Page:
from the how-about-'toss-it-back-to-the-parents-and-let-them-handle-it?' dept
A smallish town in Colorado is home to the teen sexting apocalypse. Something that first appeared to be limited to the football team now apparently involves almost half of Canon City High School's student body.
Superintendent of Canon City High School, George Welsh estimates that half the school is involved. That's about 500 students based on the initial stages of the investigation. Some eighth graders may also be involved.That estimate given by Welsh has since been revised down to "certainly over 100 different kids," which is still a rather large number of students to suspend and (possibly) bring criminal charges against. Yet that's what Welsh feels should happen.
Right now their punishments are undecided but Welsh said they will likely be suspended and face criminal charges. Because posting nude photos is a class three felony, the students involved could be placed on the sex offender registry.The Canon City Sex Offenders. Catchy, but also horrific and bound to be the least popular choice for new school mascot. Fortunately, the district attorney doesn't believe the path should lead through the local criminal court.
“Consenting adults can do this to their hearts’ content,” said Thom LeDoux, the district attorney, but “if the subject is under the age of 18, that’s a problem.”This is a far more rational response than we're used to, although LeDoux reserving the right to "use discretion" suggests at least a few of these hundreds of students may end up on the sex offender registry. Especially with this added remark.
He added that he was not interested in arresting hundreds of children and would “use discretion” if he decided to file charges.
Mr. LeDoux, the district attorney, said the investigation would look into whether any adults were involved, whether children were bullied into participating, and whether any illegal sexual contact occurred.As LeDoux pointed out, if everyone was over 18, all of this would be legal. But the ages of those involved invokes statutes ill-equipped to handle this sort of sexual activity by minors. Under Colorado law, any person under the age of 18 is considered a "child" for the sake of child pornography prosecutions. This means the only thing LeDoux has to do is find a few "adults" within the student body.
The general assembly hereby finds and declares: That the sexual exploitation of children constitutes a wrongful invasion of the child's right of privacy and results in social, developmental, and emotional injury to the child; that a child below the age of eighteen years is incapable of giving informed consent to the use of his or her body for a sexual purpose; and that to protect children from sexual exploitation it is necessary to prohibit the production of material which involves or is derived from such exploitation and to exclude all such material from the channels of trade and commerce.The relevant portions of the statute would treat sexting as the production and distribution of child pornograpy. If it will be used to charge teens with sexually exploiting themselves (because they cannot give informed consent, even when photographing themselves) remains to be seen. The law, like those in other states, offers no guidance on how to proceed if the creators and recipients of the images are under the age of 18. This is where the prosecutorial discretion comes into play. A few convenient 18-year-olds would make for useful scapegoats should the community unite behind the move to prosecute its way out of this "embarassment."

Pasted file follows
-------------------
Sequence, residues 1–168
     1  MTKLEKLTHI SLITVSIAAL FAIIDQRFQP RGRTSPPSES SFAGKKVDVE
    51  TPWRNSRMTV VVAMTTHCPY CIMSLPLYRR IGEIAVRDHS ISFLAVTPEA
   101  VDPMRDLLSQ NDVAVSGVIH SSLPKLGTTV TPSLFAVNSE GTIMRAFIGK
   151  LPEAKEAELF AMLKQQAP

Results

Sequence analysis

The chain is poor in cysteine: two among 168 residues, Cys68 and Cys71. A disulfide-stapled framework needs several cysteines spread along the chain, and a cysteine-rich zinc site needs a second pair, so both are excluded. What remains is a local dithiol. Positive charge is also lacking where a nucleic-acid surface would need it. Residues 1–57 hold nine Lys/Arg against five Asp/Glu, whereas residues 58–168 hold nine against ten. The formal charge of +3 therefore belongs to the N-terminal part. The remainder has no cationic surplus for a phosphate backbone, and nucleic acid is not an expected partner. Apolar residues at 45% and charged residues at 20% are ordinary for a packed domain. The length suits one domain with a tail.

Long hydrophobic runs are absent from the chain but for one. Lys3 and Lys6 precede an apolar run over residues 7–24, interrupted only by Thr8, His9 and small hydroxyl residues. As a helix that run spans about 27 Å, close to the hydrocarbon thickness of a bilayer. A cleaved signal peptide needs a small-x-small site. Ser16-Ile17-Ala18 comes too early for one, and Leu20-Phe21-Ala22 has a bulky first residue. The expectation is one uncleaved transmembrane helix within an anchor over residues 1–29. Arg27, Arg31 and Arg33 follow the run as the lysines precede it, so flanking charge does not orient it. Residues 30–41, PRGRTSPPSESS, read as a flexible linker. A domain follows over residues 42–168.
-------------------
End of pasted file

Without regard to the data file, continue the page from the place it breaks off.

Court decisions clarifying Colorado's statutes add even more bad news.
Evidence that a person has knowingly received prohibited material in an e-mail could be accepted as proof that the person knowingly possessed the material, because a person who knowingly receives an e-mail is aware of the nature of its content and has immediate and knowing dominion or control over it. Fabiano v. Armstrong, 141 P.3d 907 (Colo. App. 2006).If read directly, this means students who received unsolicited photos from other students could be found guilty of possession. Even deleting the unwanted photos is of limited defensive use.
The presence of digital images in an internet cache can constitute evidence of a prior act of possession. There was enough evidence that the jury could infer that the defendant knowingly viewed the images in the internet cache. People v. Marsh, -- P.3d -- (Colo. App. 2011).If the DA decides some charges are warranted, these will be the laws used and they cannot be adapted to fit this situation without a significant amount of imagination and collateral damage.
For now, though, there's been far more restraint exercised than has been exhibited by others in the same situation. Unfortunately, I get the feeling this restraint is more prompted by the sheer scale of the situation, rather than a realization that child porn/sexual assault laws were never written to address this sort of thing. In cases where the sexting has only involved a handful of individuals, school administration and law enforcement have moved far more swiftly and reacted more harshly.